Better Mobile Website Design: How to Use vw, vh and, rem to Create Fluid Divi Pages

Last Updated on September 23, 2022 by 22 Comments

Better Mobile Website Design: How to Use vw, vh and, rem to Create Fluid Divi Pages
Blog / Divi Resources / Better Mobile Website Design: How to Use vw, vh and, rem to Create Fluid Divi Pages

Responsiveness in web design isn’t optional anymore. Hardly anyone would argue with that premise – unless they’ve been living in a cave for the past decade. The real debate lies in how to best go about making your designs responsive. Should you start your designs from a mobile standpoint and build your way up to regular viewports? Should you simply stick to adjusting your finished designs to mobile? It’s a complicated choice.

Everyone’s workflow is different, and chances are you’ve already developed your own approach to responsive design. The one thing we can state with near absolute certainty is that if you haven’t yet begun to incorporate viewport units (e.g. vw, vh, and rem) into your CSS, you’re missing out.

Before we dive into incorporating these units into Divi to create fluid pages, let’s review exactly what makes them preferable over using regular measurement units.

What Are Viewport Units Exactly?

Vw (viewport width) and vh (viewport height) are length units that represent exactly 1% of the size of any given viewport, regardless of its measurements. Rem (short for ‘root em’) is also similar in its functionality, although it deals specifically with font sizes, and derives its name from the value of the font size of the root element – which should default to 16 pixels on most browsers.

There are also a few more viewport units available for use (although they’re even less widely used than vw and vh), such as vmin (minimum viewport) and vmax (maximum viewport) which refer respectively to 1% of the viewport’s smaller dimension, and 1% of its larger dimension. We also have ex (x-height) and ch (character units), which are even less common than vmin and vmax – mostly due to how insanely specific they are. X-height, for example, uses the size of a lowercase ‘x’ to determine its base value, which is roughly equal to 0.5em (i.e. 8 pixels or a 6-point font), and character units use the measure of the ‘0’ character as their reference point.

To make a long story short – should you ever find yourself perusing someone else’s CSS and come across these relative units, you’d do well to direct them to the nearest mental health institution.

Interestingly enough, browsers actually calculate the entire browser window when it comes to width, meaning they factor the scrollbar into this dimension. Should you attempt to set the width of an element to a value of 100vw, it would force a horizontal bar to appear, since you’d be lightly stretching your viewport.

What’s the Advantage of Using Viewport Units?

Simply put, by implementing viewport units correctly, you can create a fluid responsive effect that is quite different from a simple adaptive website. A responsive design will automatically adjust its size as your viewport changes, whereas an adaptive design will correct itself once your viewport reaches a specific size, thanks to the use of media queries.

The advantage is obvious from an aesthetic standpoint – a fluid design simply looks better. Additionally, using viewports over fixed units poses the additional advantage of being easier to implement and maintain. Implementing an adaptive design will, in most cases, require the addition of multiple media queries, with specific values that must be pixel perfect.

What’s more, using viewport units enables you to easily design your text to always remain at a comfortable line length, then have that experience scale upwards or downwards as your resolution adjusts. You could also tweak your CSS in order to have your text always remain proportional, like this:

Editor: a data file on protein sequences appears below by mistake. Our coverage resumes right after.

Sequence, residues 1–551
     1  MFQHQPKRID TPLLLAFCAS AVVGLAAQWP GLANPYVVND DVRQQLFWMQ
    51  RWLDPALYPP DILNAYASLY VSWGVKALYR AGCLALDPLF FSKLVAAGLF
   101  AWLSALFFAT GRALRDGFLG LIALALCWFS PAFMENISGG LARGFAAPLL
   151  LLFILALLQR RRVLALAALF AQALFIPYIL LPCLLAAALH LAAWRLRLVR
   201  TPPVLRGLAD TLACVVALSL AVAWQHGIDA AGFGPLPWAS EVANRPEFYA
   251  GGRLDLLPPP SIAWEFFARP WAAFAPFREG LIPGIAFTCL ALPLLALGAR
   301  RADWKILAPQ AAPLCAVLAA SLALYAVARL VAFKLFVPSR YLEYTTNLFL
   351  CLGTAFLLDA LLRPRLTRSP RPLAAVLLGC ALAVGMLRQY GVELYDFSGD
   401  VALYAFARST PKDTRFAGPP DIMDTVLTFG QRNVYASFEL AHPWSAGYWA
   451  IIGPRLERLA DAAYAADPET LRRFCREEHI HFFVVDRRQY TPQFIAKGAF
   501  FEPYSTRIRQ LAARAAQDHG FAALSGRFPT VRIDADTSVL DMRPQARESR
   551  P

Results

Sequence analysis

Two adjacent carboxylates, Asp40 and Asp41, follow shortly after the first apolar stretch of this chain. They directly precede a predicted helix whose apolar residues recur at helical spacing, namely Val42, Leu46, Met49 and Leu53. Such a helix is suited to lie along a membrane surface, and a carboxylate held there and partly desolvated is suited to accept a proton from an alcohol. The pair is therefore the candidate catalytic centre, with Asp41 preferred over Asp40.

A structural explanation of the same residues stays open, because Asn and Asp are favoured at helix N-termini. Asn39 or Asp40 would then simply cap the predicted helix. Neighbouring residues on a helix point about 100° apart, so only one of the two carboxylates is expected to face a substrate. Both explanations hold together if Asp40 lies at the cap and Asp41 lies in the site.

h1 {

font-size: 6vw;


h2 {

font-size: 3vw;


p {

font-size: 2vmin;


In that example, your text would always remain proportional to each other, and to your viewport’s width as it changes. You can even take it a step further and use these units to create containers for your text which, at the proper width, would always provide an optimal line length as we mentioned earlier.

Let’s take a crack at another short and sweet example. This time, we’ll be creating a few boxes using viewport units that will serve as a basic demonstration of fluid pages. We begin with the HTML:

<h1>Example of Fluid Responsiveness</h1>

<div class=”responsivebox”></div>

<div class=”responsivebox”></div>

<div class=”responsivebox”></div>

<div class=”responsivebox”></div>

Then we move onto the CSS:

body {

padding: 3vh 3vw;

text-align: center;


.responsivebox {

display: inline-block;

width: 16vw;

height: 60vmin;

margin: 2vh 2vw;

background-color: #81d8d0;


A quick look at the code should be everything you need to figure out exactly what it does. First, we created four divs with the responsivebox class, then we gave them a width, height, and margin – all using viewport units. The only thing we’re missing there is giving the h1 a relative size in order to have a 100% fluid page (albeit a very basic one), so let’s go ahead and correct it:

body {

padding: 3vh 3vw;

text-align: center;


h1 {

font-size: 6vw;


.responsivebox {

display: inline-block;

width: 16vw;

height: 60vmin;

margin: 2vh 2vw;

background-color: #81d8d0;


These are the basics of what can be accomplished using viewport units, but as you may have expected, some people have taken their implementation further and cobbled together some really cool stuff using them – take a look at this CSS MacBook on CodePen, for example.

If you took a look at the CSS, you may have noticed how it mixes viewport units with regular old pixel values in order to achieve a very cool effect. Our point being, as with everything else CSS related, the sky’s the limit when it comes to what can be done with it.

With the basics behind us, it’s time to move on and apply our newly found wisdom to the Divi theme.

How to Use Viewport Units With Divi

Up until now, everything we’ve covered has been pretty straightforward, and fortunately for you, it’s going to stay that way, since using viewport units to create Divi pages is pretty darn simple.